EarthQuakes & Volcanoes (e.g. Shake and Bake). The most visible manifestations of the earth’s internal heat are earthquakes and volcanoes. There is an interesting relationship between the two that led researchers in the 1960’s to overturn our view of the Earth. Igneous Rocks.
Earthquakes/Volcanoes Occur along Linear Belts. The most famous of these regions is called the “Pacific Ring of Fire”
Shield Volcanoes tend to be very large, but not as steep or tall (with respect to the land surface) as Composite volcanoes.
Shield volcanoes tend to be dominated by basaltic volcanism.
Eruption of Kiluaea, Hawaii
Mt. Capulin, New Mexico
Difference in P-S gives an estimate of distance, but not direction. In essence, we end up with a ‘circle of possible locations’ for each station.
Epicenter: Point on the earth’s
Surface directly above the focus
Sample Formula would look like:
Mag= log (A/T) + log D + 3.2
Where A=amplitude (mm)
T= period (seconds)
And the last number is a station correction.
Hanging Wall: Miners hang their lamps on it. Foot wall is the side of the fault that miners could walk on.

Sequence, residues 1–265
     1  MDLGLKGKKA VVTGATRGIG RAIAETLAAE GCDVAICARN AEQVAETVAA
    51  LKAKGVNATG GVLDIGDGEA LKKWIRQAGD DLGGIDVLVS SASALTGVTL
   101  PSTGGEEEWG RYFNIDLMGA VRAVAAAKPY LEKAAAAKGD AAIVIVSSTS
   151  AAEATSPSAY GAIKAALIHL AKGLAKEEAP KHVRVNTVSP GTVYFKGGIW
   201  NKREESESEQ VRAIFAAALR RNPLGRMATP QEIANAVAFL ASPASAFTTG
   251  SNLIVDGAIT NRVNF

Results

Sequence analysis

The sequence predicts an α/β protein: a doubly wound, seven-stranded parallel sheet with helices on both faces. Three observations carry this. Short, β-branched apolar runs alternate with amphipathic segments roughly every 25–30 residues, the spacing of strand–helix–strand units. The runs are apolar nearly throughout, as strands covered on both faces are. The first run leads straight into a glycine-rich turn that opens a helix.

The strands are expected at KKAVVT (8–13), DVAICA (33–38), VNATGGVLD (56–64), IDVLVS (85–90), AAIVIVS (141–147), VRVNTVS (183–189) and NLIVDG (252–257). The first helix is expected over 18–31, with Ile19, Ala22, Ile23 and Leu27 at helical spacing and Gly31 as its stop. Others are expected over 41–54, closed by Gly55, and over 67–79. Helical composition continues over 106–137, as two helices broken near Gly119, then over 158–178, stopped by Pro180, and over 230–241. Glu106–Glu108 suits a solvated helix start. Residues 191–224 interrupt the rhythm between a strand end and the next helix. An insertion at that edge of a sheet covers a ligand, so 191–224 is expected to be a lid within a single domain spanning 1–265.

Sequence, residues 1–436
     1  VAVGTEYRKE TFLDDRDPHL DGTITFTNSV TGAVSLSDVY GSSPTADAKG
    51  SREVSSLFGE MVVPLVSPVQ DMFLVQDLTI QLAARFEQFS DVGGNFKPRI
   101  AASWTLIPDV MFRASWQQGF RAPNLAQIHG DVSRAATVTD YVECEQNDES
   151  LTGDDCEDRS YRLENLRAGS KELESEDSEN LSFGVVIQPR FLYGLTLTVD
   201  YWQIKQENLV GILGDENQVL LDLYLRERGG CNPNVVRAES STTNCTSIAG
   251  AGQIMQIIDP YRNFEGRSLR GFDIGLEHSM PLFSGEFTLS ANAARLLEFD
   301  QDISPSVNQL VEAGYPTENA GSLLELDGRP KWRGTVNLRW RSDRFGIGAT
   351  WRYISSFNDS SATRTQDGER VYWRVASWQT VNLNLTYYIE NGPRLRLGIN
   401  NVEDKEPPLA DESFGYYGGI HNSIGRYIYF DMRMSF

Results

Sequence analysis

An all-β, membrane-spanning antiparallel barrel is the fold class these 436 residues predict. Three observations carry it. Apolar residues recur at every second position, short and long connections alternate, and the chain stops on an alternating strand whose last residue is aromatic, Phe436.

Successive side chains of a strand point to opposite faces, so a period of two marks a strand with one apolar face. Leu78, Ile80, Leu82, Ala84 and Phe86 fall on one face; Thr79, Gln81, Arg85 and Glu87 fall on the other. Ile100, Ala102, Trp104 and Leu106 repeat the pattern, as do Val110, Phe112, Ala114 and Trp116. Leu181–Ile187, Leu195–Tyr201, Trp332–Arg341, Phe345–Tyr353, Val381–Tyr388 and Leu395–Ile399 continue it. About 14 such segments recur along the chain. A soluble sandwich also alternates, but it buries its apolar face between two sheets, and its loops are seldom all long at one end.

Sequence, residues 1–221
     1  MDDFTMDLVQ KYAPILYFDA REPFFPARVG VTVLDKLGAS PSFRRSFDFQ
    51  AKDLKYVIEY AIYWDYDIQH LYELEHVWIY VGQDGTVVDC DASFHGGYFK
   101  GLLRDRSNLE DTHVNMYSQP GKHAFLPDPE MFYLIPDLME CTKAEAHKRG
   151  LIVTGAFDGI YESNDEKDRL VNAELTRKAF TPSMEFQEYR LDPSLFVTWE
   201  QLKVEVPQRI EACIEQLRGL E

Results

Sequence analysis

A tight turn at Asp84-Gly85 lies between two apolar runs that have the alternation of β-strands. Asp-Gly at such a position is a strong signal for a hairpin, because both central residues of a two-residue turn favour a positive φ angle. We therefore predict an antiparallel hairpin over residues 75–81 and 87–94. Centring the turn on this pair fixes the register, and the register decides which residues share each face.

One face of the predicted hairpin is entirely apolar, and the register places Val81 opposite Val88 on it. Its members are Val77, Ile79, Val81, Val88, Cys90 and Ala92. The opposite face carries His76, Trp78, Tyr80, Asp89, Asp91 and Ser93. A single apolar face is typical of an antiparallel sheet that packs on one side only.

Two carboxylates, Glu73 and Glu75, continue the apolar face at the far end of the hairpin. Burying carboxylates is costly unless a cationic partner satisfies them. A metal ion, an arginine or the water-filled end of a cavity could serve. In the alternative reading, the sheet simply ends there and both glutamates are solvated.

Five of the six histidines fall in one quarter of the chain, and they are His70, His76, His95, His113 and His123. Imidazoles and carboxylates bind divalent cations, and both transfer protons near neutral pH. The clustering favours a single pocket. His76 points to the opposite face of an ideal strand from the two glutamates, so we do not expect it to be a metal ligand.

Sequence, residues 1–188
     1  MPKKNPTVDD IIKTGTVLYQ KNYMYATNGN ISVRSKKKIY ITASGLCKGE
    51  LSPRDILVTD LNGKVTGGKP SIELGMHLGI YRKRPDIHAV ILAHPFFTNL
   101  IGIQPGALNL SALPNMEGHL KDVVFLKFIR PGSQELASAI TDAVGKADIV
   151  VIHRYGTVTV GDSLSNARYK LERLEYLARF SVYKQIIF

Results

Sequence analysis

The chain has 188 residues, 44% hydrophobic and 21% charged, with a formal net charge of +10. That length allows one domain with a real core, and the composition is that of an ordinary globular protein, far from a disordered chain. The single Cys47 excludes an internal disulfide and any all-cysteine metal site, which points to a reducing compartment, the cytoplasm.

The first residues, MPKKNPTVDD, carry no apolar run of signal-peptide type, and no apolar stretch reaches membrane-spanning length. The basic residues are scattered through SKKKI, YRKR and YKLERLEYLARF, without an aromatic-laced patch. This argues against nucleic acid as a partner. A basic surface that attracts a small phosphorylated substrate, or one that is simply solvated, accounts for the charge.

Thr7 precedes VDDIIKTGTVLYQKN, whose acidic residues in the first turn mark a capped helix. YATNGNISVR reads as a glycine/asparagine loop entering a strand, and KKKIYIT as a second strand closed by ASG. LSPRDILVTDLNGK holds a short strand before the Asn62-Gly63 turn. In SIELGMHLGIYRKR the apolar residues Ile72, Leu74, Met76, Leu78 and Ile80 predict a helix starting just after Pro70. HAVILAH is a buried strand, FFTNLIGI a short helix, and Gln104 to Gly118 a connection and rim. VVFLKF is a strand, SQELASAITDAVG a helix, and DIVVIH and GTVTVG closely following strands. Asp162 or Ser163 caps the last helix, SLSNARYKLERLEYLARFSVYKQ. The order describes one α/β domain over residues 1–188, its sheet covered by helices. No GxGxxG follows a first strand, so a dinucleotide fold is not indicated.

Left-lateral motion: Observers standing on opposite sides of the fault would see each other moving to their left.
Right-lateral motion: Observers standing on opposite sides of the fault would see each other moving to their right.
Strike-Slip Fault Plane Solution---In this case a right lateral fault.
Reverse Fault Focal Mechanism
Case 2: Layer 2 is ‘slower’ than Layer 1
Case 1: Layer 2 is ‘faster’ than Layer 1
Earthquake damage depends on many variables. For example:
How Deep was the quake? The deeper the quake, the less likely to see damage at the surface.
How Big was the quake? Larger magnitudes cause more damage.
What time did the earthquake occur? Crowded buildings, streets etc may result in more death.
What are building codes? Places such as California and Japan have rigid earthquake building codes so a mag 6 quake is less likely to cause severe damage there than in a highly populated region with poor/no building codes.
Number & Size of aftershocks- Large aftershocks can destroy damaged buildings.
Tsunami is an wave generated most commonly by earthquakes; however,
Tsunami’s can also form when large chunks of ice calve off into the ocean
Or massive landslides fall into the sea. They are most commonly the result
Tsunami’s are sometimes called ‘tidal waves’ or seismic sea waves.